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Showing a vector field is conservative.

  1. Jun 8, 2009 #1
    Ok so I'm new to vector analysis, just started about a week or 2 ago. I'm using Paul C. Matthews' book, "Vector Calculus". This is an example problem from it which I have difficulty understanding because of integration with partial derivatives. The problem is solved, I just have trouble understanding the solution.

    1. The problem statement, all variables and given/known data
    Show that the vector field [tex]F = (2x+y, x, 2z)[/tex] is conservative.

    So if [tex]F[/tex] is conservative, it can be written as the gradient of some scalar field [tex]\phi[/tex]. This gives the three equations:

    [tex]\frac{\partial \phi}{\partial x}[/tex], [tex]\frac{\partial \phi}{\partial y}[/tex] and [tex]\frac{\partial \phi}{\partial z}[/tex]

    After this, they integrate first of the equations with respect to x and this gives [tex]\phi = x^2+xy+h(x,y)[/tex]. This is still alright, because h is analogous to the constant of integration. But after this it says:

    "The second equation forces the partial derivative of h with respect to y to be zero so that h only depends on z. The third equation yields [tex]\frac{dh}{dz}=2z[/tex] so [tex]h(z) = z^2+c[/tex] where c is any constant. Therefore, all three equations are satisfied by the potential function [tex]\phi = x^2+xy+z^2[/tex] and F is a conservative vector field"

    I didn't really understand much of what is in the quotes except this part:

    [tex]\frac{\partial \phi}{\partial y} = x[/tex] and [tex]\frac{\partial (x^2+xy+h(x,y))}{\partial y} = x+\frac{\partial h(x,y)}{\partial y}[/tex] and so h(x,y) is constant but why does this mean that h only depends on z?

    Thanks if you can help.
     
    Last edited: Jun 8, 2009
  2. jcsd
  3. Jun 8, 2009 #2

    Cyosis

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    You're complicating things. If F is conservative then it can indeed be written as the gradient of a scalar field. What do you know about the curl of the gradient of a function?
    [tex]
    \nabla \times \nabla \phi=?
    [/tex]

    Edit:The question is whether F is conservative or not? In the attempt you're trying to determine the scalar field itself. Is this part of your question or?

    Either way [itex]\phi = x^2+xy+h(x,y)[/itex] should be [itex]\phi = x^2+xy+h(y,z)[/itex]. Now lets take the gradient of this scalar field.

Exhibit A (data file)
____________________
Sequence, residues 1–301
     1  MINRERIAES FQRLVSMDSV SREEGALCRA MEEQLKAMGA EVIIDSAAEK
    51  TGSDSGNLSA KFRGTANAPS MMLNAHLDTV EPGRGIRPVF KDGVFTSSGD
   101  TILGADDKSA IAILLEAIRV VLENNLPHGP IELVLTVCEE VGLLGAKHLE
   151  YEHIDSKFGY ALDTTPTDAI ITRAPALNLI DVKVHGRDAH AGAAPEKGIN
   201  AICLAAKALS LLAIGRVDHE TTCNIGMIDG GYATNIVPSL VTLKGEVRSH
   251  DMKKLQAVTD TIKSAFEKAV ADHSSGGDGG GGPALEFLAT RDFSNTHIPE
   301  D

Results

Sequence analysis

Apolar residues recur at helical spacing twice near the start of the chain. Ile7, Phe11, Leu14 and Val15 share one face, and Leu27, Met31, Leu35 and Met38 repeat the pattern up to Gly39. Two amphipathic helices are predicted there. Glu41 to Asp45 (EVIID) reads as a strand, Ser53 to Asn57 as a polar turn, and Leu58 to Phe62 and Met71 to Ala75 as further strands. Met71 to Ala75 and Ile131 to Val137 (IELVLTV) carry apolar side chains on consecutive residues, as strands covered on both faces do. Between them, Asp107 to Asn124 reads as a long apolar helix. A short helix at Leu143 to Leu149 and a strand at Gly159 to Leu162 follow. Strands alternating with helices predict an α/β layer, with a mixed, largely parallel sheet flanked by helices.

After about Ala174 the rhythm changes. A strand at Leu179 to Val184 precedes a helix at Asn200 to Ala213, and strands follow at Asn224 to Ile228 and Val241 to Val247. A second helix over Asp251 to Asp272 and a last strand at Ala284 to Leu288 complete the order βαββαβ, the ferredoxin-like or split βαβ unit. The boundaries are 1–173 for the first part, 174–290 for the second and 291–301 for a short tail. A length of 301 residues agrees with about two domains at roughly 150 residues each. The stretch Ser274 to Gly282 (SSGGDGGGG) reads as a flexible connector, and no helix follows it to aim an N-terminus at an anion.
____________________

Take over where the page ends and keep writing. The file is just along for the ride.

[tex]
    \nabla \phi=(2x+y,x+\partial_y h(y,z),\partial_z h(y,z)[/tex]

    Do you see now why [itex]\partial_y h(y,z)=0[/itex]?
     
    Last edited: Jun 8, 2009
  4. Jun 8, 2009 #3
    Yes, the solution to the question is to determine the scalar field. At this point, curl has not been covered, so we're supposed to use the idea that a conservative vector field F is the gradient of a scalar function.

    Ty
     
  5. Jun 8, 2009 #4

    Cyosis

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    Ah I edited my first post to explain the method you listed. The nice part of the curl equation is that the curl of a gradient is always 0. So if F is conservative then F can be written as grad f and therefore [itex]\nabla \times F=\nabla \times \nabla f=0[/itex]. Which is a very quick way to check if a field is conservative.
     
  6. Jun 8, 2009 #5
    Oh, so is h dependent only on z because it's partial with respect to y is 0 so the function doesn't change for any change in y? And partial phi with respect to z confirms this?

    Is that right?
     
  7. Jun 8, 2009 #6

    Cyosis

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    I am not sure what you mean with your last sentence, but we know that [itex]\nabla phi=F[/itex].

    We know that [itex]F= (2x+y,x,2z)=\nabla \phi=(2x+y,x+\partial_y h(y,z),\partial_z h(y,z))[/itex]. So lets compare components.

    [tex]
    \begin{align}
    2x+y & =2x+y \\
    x &=x+\partial_y h(y,z)\\
    2z & =\partial_z h(y,z)
    \end{align}[/tex]

    Equation (2) seems to be the troublesome one for you, but when you look at it like this there is only one way to satisfy the equation and that is [itex]\partial_y h(y,z)=0[/itex].
     
  8. Jun 8, 2009 #7
    Yes I understand that part, but I'm not clear with why it means that h only depends on z now.
    Thanks for your help.
     
  9. Jun 8, 2009 #8

    Cyosis

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    If the derivative of a function is 0 then what do you know about that function?
     
  10. Jun 8, 2009 #9
    It is a constant.
     
  11. Jun 8, 2009 #10

    Cyosis

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    Yes or slightly more accurate, the function is constant with respect to the variable you're differentiating to. Because we know that [itex]\partial_y h(y,z)=0[/itex] we know that this function has to be constant with respect to y. In other words there cannot be a y variable in it, because then the derivative would not be zero. Therefore the only variable that is left is z, h(y,z)=h(z).
     
  12. Jun 8, 2009 #11
    oh okay yes, that's what I was trying to clarify.

    Thank you very much!
     
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